Kwanzaa, celebrated from December 26 – January 1, was founded in 1966 by Dr. Maulana Karenga. The cultural (not religious) holiday is an African American celebration of the values of family, community responsibility, commerce and self-improvement. As Dr. Karenga says, “Kwanzaa is celebrated through rituals, dialogue, narratives, poetry, dancing, singing, drumming and other music, and feasting.”

Kwanzaa is based on Nguzo Saba, seven social principles

  • Umoja (Unity)
  • Kujichagulia (Self-Determination)
  • Ujima (Collective Work & Responsibility)
  • Ujamaa (Cooperative Economics)
  • Nia (Purpose)
  • Kuumba (Creativity)
  • Imani (Faith)

Each of these seven principles is represented by a candle in the Kinara (candleholder). A black candle should be placed in the center of the Kinara, with three green candles on the left and three red candles on the right. Each day a candle in the Kinara is lit to celebrate one of the seven principles, beginning with the black candle in the center and lighting the rest of the candles from left to right.

Kwanzaa Decorating and Entertaining Ideas with Flowers

  • Ask your florist to create an arrangement of flowers in the traditional Kwanzaa colors, with fruits and vegetables to surround the Kinara.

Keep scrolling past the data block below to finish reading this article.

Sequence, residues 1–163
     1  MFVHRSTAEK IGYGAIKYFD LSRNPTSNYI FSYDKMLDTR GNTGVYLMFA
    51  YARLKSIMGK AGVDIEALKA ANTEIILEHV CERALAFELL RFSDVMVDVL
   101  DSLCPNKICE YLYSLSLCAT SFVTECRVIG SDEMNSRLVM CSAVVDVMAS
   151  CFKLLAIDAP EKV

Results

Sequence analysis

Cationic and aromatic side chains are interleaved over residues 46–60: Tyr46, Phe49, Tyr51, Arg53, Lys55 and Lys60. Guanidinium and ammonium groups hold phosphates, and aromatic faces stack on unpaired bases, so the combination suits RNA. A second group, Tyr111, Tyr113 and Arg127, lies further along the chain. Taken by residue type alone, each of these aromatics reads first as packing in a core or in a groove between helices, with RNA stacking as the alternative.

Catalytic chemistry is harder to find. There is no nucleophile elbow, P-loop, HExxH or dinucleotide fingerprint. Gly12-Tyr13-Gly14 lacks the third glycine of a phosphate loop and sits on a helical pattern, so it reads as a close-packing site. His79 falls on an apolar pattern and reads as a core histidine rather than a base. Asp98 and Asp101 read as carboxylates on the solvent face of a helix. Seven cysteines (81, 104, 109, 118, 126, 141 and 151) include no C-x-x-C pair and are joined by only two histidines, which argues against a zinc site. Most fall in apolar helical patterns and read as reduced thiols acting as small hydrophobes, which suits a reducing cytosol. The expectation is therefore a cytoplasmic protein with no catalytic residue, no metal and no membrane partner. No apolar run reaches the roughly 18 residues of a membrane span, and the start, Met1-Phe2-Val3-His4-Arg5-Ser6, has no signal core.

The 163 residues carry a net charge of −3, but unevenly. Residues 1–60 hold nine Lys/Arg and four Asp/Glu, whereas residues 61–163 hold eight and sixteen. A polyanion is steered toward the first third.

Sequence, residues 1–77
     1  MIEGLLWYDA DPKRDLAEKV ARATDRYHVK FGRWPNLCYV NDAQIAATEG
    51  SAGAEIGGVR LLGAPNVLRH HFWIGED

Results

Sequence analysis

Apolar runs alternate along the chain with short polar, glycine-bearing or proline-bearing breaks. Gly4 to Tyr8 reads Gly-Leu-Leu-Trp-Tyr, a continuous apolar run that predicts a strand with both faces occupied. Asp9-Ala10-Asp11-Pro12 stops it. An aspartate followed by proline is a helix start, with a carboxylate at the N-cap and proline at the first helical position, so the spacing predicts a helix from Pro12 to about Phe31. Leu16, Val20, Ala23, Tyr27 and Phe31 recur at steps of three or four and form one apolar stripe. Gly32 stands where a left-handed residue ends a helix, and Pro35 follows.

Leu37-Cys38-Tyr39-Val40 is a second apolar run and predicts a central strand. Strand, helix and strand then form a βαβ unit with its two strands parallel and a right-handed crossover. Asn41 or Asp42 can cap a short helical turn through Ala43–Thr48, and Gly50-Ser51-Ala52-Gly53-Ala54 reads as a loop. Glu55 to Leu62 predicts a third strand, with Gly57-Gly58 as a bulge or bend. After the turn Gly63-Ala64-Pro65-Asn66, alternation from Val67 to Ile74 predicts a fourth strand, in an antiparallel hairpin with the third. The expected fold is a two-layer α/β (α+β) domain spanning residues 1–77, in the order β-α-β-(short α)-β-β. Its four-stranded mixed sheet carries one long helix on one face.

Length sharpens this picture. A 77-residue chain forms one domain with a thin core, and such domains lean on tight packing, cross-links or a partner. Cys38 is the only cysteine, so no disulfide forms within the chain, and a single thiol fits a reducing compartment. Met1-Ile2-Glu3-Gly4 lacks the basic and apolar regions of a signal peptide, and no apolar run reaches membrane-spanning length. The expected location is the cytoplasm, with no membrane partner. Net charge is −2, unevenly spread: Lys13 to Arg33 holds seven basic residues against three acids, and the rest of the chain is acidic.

• Position red flowers and greens throughout the room to accent the Kinara.

For an elegant celebration, take advantage of all places where candles could be displayed:

  • Line a walkway with votive candles in luminaries leading up to a door.
  • Place garland on the mantle with fresh flowers and candles to beautifully grace your room and make the most of light by enhancing the fire.
  • Float candles and flowers in treasured crystal or silver bowls to create a fabulous effect.
  • Place scented candles with fresh blossoms in each powder room.

If an open house is on the agenda and many persons will be in a room, it is important to give special attention to the larger display areas such as the front door, foyer, mantle, buffet or serving areas, powder rooms, windows and staircase. This will help you get maximum impact because with many people in a room smaller arrangements placed around will not be seen at all times. Additionally, by focusing on a few focal areas in each room, more space is made for glasses, cups and food plates… and there is less chance of an accident.

As guests leave, have a vase of loose flowers by the door and invite them to take one home as a gift.

Originally created for The Society of American Florists

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